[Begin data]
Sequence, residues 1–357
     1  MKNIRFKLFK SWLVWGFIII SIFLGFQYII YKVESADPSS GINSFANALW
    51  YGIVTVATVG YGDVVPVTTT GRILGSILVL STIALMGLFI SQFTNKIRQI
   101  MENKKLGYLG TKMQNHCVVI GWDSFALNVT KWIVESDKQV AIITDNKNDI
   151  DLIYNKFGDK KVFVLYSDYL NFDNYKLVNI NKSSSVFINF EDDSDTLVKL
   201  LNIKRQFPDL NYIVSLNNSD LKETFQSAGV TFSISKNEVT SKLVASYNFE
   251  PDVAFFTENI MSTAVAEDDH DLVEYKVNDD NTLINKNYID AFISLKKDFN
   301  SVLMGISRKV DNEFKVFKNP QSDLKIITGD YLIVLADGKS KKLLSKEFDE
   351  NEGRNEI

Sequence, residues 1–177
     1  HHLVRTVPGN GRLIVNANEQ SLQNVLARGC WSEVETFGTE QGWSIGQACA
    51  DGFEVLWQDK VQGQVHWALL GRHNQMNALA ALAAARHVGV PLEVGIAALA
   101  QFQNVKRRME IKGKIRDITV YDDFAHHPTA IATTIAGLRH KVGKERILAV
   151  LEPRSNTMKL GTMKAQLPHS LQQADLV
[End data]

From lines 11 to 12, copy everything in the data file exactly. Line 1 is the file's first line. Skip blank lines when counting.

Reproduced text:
     1  HHLVRTVPGN GRLIVNANEQ SLQNVLARGC WSEVETFGTE QGWSIGQACA
    51  DGFEVLWQDK VQGQVHWALL GRHNQMNALA ALAAARHVGV PLEVGIAALA